Chairman of the 7th Central Pay Commission (SCPC), Justice AK Mathur has hit the nail on the head by suggesting the Centre should discontinue the practice of appointing pay commissions every 10 years to suggest salary revisions for its staff.
Why can’t the salary and pay hikes for the government employees also be on the lines of the private sector?
Constituting the central pay commission and implementing its recommendations has become more of a political issue than an exercise based on sound HR practices.
The UPA government appointed the SCPC on February 28, 2014, ahead of the Lok Sabha polls.
Implementing the hikes in salaries and pensions of the central government employees of the SCPC now will be a major burden on the government finances despite the fact that even those associated with the SCPC are convinced that the pay hikes for a large chunk of government employees are illogical.
But, the government has no other option than to go for the suggested hikes and pretend and project in public that it will have no major impact.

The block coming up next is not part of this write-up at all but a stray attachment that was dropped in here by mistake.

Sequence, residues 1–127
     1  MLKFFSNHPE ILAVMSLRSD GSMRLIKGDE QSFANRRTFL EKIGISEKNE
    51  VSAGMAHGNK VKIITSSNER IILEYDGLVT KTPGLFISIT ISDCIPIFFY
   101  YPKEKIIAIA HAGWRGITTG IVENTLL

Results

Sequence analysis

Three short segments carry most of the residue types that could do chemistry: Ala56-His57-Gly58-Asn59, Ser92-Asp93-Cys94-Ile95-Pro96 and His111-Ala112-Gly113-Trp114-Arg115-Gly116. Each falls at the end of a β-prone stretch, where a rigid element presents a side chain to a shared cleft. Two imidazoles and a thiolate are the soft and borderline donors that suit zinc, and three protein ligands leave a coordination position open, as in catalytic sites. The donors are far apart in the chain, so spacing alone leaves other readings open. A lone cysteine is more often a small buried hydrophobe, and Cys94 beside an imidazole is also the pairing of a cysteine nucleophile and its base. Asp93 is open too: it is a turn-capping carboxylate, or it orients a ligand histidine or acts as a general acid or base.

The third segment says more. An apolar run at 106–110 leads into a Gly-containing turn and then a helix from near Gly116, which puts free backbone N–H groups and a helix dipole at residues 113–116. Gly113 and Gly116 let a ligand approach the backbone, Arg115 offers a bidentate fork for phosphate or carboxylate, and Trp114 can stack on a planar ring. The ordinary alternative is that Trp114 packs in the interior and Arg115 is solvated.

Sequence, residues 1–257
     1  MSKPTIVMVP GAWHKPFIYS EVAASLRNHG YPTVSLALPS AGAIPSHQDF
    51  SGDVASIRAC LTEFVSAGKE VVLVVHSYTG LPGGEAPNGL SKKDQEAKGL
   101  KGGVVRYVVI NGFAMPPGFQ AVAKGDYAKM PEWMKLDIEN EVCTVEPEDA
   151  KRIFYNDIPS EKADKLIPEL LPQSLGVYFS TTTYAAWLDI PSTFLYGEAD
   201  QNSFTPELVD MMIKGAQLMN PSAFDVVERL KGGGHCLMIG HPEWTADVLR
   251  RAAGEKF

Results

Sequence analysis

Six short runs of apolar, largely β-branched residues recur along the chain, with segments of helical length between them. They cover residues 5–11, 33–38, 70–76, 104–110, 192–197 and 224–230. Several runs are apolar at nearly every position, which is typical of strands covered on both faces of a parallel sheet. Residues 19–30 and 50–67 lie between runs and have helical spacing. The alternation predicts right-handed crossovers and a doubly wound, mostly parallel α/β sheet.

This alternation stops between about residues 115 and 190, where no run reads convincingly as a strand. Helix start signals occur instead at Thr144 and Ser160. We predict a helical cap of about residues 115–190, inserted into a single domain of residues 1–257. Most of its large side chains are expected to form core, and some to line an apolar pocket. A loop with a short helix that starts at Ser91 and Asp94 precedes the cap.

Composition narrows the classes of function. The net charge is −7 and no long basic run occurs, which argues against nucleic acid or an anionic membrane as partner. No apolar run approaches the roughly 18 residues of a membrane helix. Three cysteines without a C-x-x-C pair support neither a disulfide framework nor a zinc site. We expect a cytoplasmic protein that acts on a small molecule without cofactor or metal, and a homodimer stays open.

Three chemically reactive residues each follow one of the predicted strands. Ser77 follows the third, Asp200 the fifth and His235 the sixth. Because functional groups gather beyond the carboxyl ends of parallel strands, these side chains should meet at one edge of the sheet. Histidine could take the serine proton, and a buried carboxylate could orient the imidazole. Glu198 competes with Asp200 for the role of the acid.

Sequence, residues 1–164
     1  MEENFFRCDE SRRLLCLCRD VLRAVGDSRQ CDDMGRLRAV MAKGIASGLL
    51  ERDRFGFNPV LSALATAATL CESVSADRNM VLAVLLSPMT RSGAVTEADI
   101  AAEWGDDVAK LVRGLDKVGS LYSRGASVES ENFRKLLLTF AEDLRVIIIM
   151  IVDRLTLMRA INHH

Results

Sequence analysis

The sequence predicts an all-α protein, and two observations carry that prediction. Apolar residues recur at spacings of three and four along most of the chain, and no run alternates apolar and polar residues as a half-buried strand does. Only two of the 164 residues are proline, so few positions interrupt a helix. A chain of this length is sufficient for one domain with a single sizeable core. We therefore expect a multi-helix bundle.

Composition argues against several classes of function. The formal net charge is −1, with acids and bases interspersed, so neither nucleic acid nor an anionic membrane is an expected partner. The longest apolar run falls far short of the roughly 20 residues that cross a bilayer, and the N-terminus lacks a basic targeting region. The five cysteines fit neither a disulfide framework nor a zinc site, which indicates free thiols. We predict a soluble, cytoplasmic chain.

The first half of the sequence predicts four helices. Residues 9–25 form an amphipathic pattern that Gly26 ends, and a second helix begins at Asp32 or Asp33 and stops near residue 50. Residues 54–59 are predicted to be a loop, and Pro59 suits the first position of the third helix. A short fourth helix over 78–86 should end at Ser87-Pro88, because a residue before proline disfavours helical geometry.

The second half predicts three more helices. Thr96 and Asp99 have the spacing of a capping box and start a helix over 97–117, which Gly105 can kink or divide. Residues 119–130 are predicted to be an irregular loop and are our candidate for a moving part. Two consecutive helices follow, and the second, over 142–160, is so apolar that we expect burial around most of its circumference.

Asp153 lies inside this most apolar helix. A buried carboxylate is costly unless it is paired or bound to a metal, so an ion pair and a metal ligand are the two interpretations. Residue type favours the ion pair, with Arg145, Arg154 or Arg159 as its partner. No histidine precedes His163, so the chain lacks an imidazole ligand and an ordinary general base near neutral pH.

While it is true that the NDA government can’t do anything about correcting this situation now, it must initiate a debate on the need to end this pay commission politics and shifting to a framework for annual increment in salaries accommodating all the aspects including the consumer prices.
At present, the dearness allowance is increased to take care of the retail inflation and pay commission decides on the salary increases. Clearly, a 10-year exercise is not the right one from any angle.
The need today is to bring in and promote efficiency and expertise in the government and weed out corruption and inefficiency the way prime minister Narendra Modi wants — the pay commission model has largely done the opposite.
Though the SCPC has more or less limited its recommendations to the space that the government said it had to implement them, there is no doubt this is a pain in the neck for its finances, which will spread to the state governments also going ahead.
The SCPC has proposed an increase of 23.55% in the pay (salary and allowances) of central government employees and similar increase in pensions, which will become effective from January 1, 2016.
This would mean a projected payout burden of Rs 1.02 lakh crore in FY17, or 0.65% of GDP.
In effect, however, the cost would be much larger than this. Should this be replicated again after 10 years?